For the health care worker study, Neeta teamed up with epidemiologist and microbiologist Marc Bonten of UMC Utrecht. “There is a lot of enthusiasm to participate,” among the workers, Bonten says. The team decided not to use actual infection with coronavirus as the study outcome, but “unplanned absenteeism.” “We don’t have a large budget and it won’t be feasible to visit the sick professionals at home,” Bonten says. Looking at absenteeism has the advantage that any beneficial effects of the BCG vaccine on influenza and other infections may be captured as well, he says.

Although the study is randomized, participants will likely know if they got the vaccine instead of a placebo. BCG often causes a pustule at the injection site that may persist for months, usually resulting in a scar. But the researchers will be blinded to which arm of the study—vaccine or placebo—a person is in.

A research group at the University of Melbourne is setting up a BCG study among health care workers using the exact same protocol. Another research group at the University of Exeter will do a similar study in the elderly. And a team at the Max Planck Institute for Infection Biology last week announced that—inspired by Netea’s work—it will embark on a similar trial in elderly people and health workers with VPM1002, a genetically modified version of BCG that has not yet been approved for use against TB.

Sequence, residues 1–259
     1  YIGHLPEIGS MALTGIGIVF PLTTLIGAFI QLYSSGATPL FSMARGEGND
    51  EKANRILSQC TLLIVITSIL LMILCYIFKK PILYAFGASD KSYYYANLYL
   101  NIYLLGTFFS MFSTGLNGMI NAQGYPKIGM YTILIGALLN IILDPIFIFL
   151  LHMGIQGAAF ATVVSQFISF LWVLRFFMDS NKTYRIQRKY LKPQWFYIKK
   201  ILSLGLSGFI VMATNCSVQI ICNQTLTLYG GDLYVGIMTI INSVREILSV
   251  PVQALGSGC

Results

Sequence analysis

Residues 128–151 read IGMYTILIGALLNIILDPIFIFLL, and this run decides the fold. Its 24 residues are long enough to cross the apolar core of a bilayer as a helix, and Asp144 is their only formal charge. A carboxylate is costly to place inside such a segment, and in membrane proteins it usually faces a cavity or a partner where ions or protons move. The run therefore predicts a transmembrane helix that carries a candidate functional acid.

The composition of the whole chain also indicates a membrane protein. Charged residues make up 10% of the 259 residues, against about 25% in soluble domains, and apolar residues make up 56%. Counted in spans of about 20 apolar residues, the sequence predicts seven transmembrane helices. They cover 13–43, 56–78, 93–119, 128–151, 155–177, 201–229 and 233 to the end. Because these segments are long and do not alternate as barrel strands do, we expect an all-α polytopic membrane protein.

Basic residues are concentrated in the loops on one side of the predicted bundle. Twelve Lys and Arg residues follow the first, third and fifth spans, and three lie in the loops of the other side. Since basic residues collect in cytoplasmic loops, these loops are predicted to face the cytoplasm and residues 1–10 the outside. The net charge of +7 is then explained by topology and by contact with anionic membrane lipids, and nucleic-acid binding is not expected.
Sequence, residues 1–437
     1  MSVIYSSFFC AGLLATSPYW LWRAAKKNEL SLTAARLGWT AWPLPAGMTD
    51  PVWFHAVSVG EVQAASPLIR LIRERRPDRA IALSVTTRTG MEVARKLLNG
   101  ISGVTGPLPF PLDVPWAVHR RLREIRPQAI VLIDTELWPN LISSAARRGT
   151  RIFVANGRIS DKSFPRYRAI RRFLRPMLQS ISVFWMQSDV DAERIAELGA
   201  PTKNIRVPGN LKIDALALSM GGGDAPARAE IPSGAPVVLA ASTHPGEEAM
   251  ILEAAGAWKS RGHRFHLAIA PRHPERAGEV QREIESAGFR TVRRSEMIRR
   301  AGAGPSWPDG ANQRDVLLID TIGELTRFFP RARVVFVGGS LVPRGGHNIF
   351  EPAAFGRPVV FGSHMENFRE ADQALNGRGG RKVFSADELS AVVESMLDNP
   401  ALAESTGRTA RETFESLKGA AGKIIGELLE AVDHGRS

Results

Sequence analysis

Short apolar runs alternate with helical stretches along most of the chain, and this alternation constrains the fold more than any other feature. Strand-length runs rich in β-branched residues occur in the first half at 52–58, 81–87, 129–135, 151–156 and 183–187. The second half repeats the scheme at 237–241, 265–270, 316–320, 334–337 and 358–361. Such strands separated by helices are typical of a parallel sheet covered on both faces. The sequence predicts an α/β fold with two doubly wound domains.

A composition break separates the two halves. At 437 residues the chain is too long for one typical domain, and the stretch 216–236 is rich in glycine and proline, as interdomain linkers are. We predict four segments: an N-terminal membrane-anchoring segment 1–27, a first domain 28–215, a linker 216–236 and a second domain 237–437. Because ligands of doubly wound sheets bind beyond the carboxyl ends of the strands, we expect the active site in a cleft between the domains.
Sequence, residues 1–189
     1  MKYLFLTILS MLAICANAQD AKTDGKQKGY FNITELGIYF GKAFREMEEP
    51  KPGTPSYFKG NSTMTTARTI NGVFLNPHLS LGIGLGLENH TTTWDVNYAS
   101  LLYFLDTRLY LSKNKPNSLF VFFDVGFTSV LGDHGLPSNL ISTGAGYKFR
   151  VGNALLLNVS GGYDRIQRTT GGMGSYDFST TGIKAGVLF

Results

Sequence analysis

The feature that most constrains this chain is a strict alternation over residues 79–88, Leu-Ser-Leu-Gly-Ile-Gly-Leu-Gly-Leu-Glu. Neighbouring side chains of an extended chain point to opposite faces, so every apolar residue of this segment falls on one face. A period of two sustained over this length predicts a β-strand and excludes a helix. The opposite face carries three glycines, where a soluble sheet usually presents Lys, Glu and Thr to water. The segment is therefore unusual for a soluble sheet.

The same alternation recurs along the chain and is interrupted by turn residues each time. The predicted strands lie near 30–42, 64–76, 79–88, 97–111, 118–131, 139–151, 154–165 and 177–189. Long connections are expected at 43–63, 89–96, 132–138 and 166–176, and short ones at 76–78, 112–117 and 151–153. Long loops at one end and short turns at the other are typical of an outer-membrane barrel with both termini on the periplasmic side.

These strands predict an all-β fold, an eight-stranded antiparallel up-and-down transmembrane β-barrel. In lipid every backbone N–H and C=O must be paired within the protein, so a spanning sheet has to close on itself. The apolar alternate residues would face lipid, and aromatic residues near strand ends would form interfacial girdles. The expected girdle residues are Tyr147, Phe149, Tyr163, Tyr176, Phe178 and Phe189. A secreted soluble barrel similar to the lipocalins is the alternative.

Eleanor Fish, an immunologist at the of the University of Toronto, says the vaccine probably won’t eliminate infections with the new coronavirus completely, but is likely to dampen its impact on individuals. Fish says she’d take the vaccine herself if she could get a hold of it, and even wonders whether it’s ethical to withhold its potential benefits from trial subjects in the placebo arm.

But Netea says the randomized design is critical: “Otherwise we would never know if this is good for people.” The team may have answers within a few months.